Prior to the placement of floor section 38 of FIG. 2 (next to sections 10, 42 and 44 as indicated by the arrows), a screw 62 secures a spacer 60a of section 44 to a center spacer 52b of an adjacent section 42. This connection is best shown in FIG. 2B. The screw 62 is positioned inside a precut notch 64. The notch 64 presents the installer with an easy reference and serves to recess the head of the screw away from other spacers. Where desired, a guide hole 66a may additionally be predrilled into the edge spacer 60a.
As such, when each section 10 and 38-46 of the floor system 30 shown in FIG. 2 is installed, each section is bolted with a bolt 54 and a nut 58 on one corner and secured by a screw 62 at the opposite corner. Furthermore, the bolt and screw secure the section 42 to different floor sections 10 and 44, respectively. Section 10 is in an adjacent row, and section 44 is in the same row as section 42. As the installation continues, the result will be that each section 10 and 38-46 will be fastened by a total of two bolts 54 and locknuts 58, and one screw 62. Each section 10 and 38-46 will be connected by fasteners at a total of three of its corners, and two of its longitudinal sides, resulting in rows that are held strongly to their adjacent rows, without any fasteners visible on the floor 30. Optionally, the first starter row, 34, can also be fastened at the fourth corner, since there is no adjacent panel yet blocking access to the fourth corner.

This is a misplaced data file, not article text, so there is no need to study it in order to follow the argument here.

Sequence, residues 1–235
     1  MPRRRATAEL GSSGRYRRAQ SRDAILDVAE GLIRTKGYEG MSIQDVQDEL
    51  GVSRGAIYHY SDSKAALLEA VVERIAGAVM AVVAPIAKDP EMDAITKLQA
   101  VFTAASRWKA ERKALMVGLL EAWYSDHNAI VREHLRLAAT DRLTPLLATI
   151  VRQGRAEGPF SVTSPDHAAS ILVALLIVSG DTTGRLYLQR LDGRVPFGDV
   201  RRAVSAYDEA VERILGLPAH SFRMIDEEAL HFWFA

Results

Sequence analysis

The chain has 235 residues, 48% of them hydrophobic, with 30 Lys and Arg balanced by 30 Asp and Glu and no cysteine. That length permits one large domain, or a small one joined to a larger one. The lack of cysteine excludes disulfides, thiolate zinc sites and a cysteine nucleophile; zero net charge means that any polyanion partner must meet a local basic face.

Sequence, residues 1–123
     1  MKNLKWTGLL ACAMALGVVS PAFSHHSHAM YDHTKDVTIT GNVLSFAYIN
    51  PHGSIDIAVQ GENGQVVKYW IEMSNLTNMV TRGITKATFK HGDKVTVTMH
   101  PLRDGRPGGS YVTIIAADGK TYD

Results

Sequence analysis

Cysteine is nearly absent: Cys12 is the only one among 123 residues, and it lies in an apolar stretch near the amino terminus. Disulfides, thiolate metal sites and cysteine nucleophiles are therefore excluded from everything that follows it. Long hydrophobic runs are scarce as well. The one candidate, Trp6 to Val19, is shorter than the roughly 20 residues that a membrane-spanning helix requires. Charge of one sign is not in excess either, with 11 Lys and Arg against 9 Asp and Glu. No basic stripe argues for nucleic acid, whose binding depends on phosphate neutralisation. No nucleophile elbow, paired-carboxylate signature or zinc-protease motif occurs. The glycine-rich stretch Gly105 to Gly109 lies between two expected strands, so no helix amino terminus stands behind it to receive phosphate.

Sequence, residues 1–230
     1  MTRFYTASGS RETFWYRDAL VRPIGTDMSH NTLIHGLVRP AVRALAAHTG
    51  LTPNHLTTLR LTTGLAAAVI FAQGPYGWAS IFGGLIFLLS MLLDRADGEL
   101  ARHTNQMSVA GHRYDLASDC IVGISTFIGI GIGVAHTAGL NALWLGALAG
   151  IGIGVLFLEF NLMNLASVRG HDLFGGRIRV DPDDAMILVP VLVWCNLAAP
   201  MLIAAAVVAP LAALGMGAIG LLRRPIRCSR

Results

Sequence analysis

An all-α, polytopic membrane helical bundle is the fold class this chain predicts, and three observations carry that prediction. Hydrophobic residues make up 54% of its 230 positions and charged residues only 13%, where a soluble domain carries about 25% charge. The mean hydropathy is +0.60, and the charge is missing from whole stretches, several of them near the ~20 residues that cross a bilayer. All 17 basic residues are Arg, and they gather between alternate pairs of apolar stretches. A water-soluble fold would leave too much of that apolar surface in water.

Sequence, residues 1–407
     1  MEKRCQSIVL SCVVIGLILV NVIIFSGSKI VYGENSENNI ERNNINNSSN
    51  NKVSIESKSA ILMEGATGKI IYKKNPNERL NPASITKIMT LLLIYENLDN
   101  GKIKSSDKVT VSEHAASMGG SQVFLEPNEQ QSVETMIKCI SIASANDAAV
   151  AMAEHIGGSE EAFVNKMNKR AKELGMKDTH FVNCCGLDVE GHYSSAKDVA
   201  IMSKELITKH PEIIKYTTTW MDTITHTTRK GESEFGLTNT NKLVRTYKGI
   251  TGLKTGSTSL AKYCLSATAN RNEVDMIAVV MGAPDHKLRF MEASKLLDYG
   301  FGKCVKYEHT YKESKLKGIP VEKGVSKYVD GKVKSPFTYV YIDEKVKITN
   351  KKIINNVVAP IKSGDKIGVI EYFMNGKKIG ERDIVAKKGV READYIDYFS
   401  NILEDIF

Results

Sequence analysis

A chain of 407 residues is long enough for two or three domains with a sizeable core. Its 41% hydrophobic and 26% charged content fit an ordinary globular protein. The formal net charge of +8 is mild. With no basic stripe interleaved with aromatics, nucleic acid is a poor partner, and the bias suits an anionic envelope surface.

One skilled in the art will appreciate that a number of alternative and/or additional fasteners may be used in accordance with the principles of the present invention. For instance, the fastener scenario shown in FIG. 3 includes a metal clip 104 that fastens around spacers 118c and 152a of adjacent floor sections 110 and 142, respectively. Such a clip 104 may be initially glued, screwed or otherwise attached to one of the spacers 152a. When the sections 110 and 142 abut during installation, an installer may snap or otherwise attach the clip 104 around the other spacer 118c by stepping on a top surface 106 of the clip 104. Clip 104 is held in place by an upper layer of adjacent section when installed. As shown in FIG. 3, the top surface 106 of the clip 104 is recessed within grooves 112 of the spacers 118c and 152a. The upper layer 16 of another embodiment may alternatively be altered to accommodate the thickness of the top surface 106.